At the federal level, the Affordable Care Act represented a major step forward in making health care more portable and lessened the dependence on having to work for an employer that provides healthcare in order to receive benefits. State policymakers should build on this and create a portable benefits system that: (1) is not tied to any particular job, but rather tied to the worker who can take the benefit from job to job or project to project; (2) supports contributions from multiple employers or clients that are proportionate to dollars earned, jobs done, or time worked; and (3) covers all workers, including independent contractors and other non-traditional workers who do not have a formal employer-employee relationship.
There is already momentum at the state level around portable benefits. Legislators in Washington State and New Jersey have both introduced bills to create portable benefits systems. New York’s Black Car Fund serves as an example of an existing portable benefits system. Secure Choice efforts in various states are examples of attempts to make retirement benefits more portable and universally accessible.
Worker Training Tax Credit
Advances in technology are changing the nature of work, making it increasingly important that workers have access to affordable, skills-based, and high-quality training over the course of their careers.
Employers are uniquely positioned to play an important role in preparing the workforce for automation: they have the scale, the resources, and the insight into changing skill needs. Unfortunately, the available data suggests that business investment in their workers’ skills is declining. From 1996 to 2008, the percentage of workers receiving employer-sponsored or on-the-job training fell 42 percent and 36 percent, respectively. This decline was widespread across industries, occupations, and demographic groups.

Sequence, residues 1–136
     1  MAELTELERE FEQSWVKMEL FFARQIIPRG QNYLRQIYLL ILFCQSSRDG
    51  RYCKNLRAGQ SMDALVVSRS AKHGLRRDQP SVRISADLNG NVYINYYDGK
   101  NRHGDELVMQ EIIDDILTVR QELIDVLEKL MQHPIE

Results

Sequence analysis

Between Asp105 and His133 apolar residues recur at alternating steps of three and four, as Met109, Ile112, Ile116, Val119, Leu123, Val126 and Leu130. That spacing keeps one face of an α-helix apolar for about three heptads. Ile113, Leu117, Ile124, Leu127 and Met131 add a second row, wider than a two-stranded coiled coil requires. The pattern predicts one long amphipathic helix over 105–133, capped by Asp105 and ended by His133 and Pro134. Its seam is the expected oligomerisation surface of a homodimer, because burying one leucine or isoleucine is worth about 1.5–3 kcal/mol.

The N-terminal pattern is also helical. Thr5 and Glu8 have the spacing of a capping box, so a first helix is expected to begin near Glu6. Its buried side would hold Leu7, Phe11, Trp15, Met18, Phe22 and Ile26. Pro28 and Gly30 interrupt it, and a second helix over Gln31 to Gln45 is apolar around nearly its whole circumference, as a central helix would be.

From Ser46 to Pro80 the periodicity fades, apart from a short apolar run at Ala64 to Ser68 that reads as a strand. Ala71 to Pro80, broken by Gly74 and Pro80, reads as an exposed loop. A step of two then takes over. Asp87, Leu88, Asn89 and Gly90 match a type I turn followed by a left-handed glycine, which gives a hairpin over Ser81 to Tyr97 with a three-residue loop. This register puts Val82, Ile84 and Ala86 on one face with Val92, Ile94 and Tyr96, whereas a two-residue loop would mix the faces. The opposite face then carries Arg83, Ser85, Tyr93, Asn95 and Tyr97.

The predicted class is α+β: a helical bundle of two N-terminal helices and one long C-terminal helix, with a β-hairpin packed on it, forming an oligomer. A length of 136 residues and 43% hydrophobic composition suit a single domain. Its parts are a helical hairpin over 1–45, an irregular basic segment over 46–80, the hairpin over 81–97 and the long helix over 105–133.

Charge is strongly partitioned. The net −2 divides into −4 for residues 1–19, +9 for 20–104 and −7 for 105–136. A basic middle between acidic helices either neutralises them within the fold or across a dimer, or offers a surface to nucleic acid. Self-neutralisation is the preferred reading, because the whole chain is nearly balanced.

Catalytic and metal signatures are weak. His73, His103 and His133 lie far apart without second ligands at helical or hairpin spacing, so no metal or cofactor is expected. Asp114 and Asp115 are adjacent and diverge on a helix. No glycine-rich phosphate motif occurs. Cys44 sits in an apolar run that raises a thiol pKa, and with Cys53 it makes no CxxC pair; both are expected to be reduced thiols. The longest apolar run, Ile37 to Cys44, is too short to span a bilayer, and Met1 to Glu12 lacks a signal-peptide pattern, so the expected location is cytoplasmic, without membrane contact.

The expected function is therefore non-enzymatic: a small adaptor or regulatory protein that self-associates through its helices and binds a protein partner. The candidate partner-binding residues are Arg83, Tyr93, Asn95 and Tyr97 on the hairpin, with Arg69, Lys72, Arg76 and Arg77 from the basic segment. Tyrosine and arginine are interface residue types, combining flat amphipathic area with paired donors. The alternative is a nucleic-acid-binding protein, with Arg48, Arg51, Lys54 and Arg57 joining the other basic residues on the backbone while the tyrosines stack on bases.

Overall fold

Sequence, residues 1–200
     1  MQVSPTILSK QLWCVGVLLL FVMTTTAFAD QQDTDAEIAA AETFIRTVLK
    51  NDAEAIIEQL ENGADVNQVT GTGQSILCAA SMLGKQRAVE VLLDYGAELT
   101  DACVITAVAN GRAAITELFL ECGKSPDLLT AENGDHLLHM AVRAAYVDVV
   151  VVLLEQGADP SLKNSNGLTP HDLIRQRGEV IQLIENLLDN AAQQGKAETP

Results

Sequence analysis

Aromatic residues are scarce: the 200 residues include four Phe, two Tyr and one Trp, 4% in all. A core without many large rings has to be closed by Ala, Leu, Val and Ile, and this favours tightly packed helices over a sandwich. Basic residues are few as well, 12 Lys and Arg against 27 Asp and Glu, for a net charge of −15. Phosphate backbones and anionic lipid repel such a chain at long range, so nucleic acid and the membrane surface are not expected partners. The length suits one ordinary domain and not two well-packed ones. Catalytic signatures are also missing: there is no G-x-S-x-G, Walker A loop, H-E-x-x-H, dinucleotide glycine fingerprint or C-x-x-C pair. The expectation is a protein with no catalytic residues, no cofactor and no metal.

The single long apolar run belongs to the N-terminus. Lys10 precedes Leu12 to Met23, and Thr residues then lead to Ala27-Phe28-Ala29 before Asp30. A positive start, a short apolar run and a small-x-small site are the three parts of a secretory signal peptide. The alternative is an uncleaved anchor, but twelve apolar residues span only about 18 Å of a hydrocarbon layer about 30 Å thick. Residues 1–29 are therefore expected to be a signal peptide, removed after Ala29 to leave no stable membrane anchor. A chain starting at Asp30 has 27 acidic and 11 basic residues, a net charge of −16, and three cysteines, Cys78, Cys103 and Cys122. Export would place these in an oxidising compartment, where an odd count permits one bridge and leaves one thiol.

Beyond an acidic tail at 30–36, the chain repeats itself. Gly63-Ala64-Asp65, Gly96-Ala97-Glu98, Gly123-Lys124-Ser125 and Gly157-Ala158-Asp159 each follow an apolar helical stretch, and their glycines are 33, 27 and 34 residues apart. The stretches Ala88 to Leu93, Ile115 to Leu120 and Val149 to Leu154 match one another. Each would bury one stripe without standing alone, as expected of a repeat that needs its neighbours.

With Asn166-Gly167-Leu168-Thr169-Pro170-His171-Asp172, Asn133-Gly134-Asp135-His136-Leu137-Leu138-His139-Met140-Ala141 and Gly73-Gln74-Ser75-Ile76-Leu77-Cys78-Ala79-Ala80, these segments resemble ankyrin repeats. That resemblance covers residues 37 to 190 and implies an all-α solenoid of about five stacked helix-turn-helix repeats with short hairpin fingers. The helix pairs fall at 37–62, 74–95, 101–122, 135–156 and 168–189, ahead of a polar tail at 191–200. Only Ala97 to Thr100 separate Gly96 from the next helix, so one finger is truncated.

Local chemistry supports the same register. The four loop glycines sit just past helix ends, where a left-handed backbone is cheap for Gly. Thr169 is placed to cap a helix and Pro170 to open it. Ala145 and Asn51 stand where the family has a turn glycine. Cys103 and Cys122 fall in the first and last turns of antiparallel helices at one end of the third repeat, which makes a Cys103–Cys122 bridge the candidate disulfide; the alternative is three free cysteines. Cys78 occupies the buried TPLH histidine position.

State policymakers should create a business tax credit to offset a portion of the cost of new training activities for non-highly compensated workers. We proposed a Worker Training Tax Credit, which would mirror the policy design of the popular federal R&D Tax Credit and could be used by small and large businesses to invest in training for their low- and middle-income workers.
Connecticut, Georgia, Kentucky, Mississippi, Rhode Island, and Virginia provide businesses with tax incentives for training investments, which range from 5 percent to 50 percent of training expenses. This proposal has seen momentum at the the federal level, as well. Senator Warner – along with Senators Casey and Stabenow – introduced the Investing in American Workers Act in October 2017, and this past spring Representative Krishnamoorthi – along with Representatives Crowley and Sánchez – introduced a companion bill in the House. It has also been included as a recommendation by the Council on Foreign Relations, McKinsey Global Institute, and others.
Lifelong Learning & Training Accounts
Employers play a unique and vital role in workforce training, but workers must also be given additional tools to acquire new skills and learning opportunities over the course of their careers, not just during the first twenty years of their lives.
State policymakers should create worker-controlled Lifelong Learning and Training Accounts (LLTAs). These accounts would be funded by workers, employers, and government, and could be used by workers to pay for education and training opportunities over the course of their career. Beginning at age 18, workers would be eligible to contribute up to $2,000 per year into their LLTA on a pre-tax basis, which would be matched by government contributions at a rate based on the worker’s income — up to 50 percent for lower-income workers. Employers would also be eligible to contribute up to $2,000 annually to these accounts, with contributions for low- and middle-income workers excludable from taxable income.